For over 30 years, Robert Strauss was one of the most influential figures in American politics and diplomacy. Presidents of both major parties entrusted him with the most difficult and delicate assignments, culminating in his service as Washington's last ambassador to the Soviet Union during the dramatic transition from communism to democracy.
Raised in the small West Texas town of Stamford, he served as a Special Agent in the FBI after earning his law degree at the University of Texas. Shortly after World War II, he founded the law firm now known as Akin, Gump, Strauss, Hauer & Feld. It has since grown to be one of the largest in the world, with offices across the United States and in Belgium, the United Arab Emirates, the United Kingdom, Russia and Taiwan.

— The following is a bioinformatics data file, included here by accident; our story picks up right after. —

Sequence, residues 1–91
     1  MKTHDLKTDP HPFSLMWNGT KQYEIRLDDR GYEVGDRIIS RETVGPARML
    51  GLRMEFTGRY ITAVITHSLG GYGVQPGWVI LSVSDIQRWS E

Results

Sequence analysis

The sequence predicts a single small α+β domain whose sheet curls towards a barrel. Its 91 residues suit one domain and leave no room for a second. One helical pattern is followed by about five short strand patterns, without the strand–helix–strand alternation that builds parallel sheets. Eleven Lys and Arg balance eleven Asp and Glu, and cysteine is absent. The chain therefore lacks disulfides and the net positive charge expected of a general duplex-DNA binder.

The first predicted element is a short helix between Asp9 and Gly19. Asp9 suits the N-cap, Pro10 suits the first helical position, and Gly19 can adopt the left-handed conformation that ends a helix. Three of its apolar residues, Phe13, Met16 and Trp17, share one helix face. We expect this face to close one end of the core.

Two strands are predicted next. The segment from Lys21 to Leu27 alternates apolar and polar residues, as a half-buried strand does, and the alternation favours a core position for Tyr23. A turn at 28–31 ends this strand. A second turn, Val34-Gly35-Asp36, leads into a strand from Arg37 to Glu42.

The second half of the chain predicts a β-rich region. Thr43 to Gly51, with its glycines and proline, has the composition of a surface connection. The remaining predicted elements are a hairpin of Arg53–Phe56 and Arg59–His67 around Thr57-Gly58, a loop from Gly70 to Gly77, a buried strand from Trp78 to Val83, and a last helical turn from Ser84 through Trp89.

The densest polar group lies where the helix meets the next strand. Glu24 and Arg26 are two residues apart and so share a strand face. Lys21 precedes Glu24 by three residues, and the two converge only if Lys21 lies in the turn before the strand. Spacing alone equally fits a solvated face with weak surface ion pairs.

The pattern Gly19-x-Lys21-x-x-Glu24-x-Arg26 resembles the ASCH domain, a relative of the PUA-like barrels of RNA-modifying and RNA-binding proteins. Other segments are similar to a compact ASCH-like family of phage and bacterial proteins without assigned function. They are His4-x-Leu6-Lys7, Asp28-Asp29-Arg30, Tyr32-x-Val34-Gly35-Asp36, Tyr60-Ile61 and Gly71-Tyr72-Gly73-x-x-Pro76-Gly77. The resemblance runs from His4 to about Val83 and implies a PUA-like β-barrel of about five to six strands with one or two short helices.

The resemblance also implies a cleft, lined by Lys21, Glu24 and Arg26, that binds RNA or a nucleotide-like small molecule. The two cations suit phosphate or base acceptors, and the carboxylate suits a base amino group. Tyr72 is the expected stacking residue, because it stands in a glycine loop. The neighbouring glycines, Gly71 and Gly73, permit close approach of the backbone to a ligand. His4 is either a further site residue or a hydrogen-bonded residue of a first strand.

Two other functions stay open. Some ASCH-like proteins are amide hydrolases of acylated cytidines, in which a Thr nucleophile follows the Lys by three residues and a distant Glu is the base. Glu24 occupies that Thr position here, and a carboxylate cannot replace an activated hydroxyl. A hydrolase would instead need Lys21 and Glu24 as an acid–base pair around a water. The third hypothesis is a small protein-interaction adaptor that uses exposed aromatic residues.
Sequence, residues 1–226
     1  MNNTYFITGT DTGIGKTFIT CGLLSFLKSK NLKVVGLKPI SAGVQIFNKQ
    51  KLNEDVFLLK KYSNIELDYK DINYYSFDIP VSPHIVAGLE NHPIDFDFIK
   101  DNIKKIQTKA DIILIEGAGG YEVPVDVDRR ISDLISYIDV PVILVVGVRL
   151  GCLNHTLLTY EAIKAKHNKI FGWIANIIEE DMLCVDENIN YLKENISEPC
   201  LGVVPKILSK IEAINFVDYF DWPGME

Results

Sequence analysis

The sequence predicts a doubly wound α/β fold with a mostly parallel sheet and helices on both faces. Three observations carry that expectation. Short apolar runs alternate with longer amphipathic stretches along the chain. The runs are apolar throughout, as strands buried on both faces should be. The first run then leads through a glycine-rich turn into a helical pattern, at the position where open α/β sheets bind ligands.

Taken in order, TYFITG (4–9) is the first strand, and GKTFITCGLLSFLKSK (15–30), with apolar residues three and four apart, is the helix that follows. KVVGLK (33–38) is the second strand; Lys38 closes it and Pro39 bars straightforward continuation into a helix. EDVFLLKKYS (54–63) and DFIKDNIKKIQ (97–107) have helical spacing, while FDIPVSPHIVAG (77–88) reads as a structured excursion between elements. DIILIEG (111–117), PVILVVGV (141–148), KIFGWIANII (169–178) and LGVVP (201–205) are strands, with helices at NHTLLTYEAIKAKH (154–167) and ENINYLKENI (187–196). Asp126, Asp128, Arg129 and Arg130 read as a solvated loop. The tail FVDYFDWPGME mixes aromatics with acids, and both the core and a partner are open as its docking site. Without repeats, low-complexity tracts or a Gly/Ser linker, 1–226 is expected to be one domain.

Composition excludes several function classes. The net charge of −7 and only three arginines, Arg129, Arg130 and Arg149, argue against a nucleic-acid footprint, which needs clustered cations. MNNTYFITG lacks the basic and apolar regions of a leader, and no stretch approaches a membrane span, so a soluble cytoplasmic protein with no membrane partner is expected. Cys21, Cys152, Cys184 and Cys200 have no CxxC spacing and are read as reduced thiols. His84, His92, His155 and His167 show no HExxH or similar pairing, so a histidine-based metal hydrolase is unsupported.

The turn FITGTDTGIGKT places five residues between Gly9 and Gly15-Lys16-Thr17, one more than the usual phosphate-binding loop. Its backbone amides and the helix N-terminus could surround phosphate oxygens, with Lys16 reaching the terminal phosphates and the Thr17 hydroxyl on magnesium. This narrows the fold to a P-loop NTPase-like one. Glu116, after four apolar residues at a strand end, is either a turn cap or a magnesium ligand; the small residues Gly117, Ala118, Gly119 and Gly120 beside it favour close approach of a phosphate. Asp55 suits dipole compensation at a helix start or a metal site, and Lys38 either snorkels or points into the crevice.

Robert Strauss's political experience reached back as far as future President Lyndon Johnson's first congressional campaign in 1937. He chaired the Democratic National Committee from 1973 to 1976, and Jimmy Carter's successful presidential campaign in 1976. He served in President Carter's cabinet as Special Trade Representative, and was the President's personal representative to the Middle East peace negotiations. In 1991, President George H.W. Bush named him U.S. Ambassador to the Soviet Union; after its dissolution, he continued to serve as Ambassador to Russia. In 1981, Robert Strauss was awarded the Presidential Medal of Freedom, the nation's highest civilian award.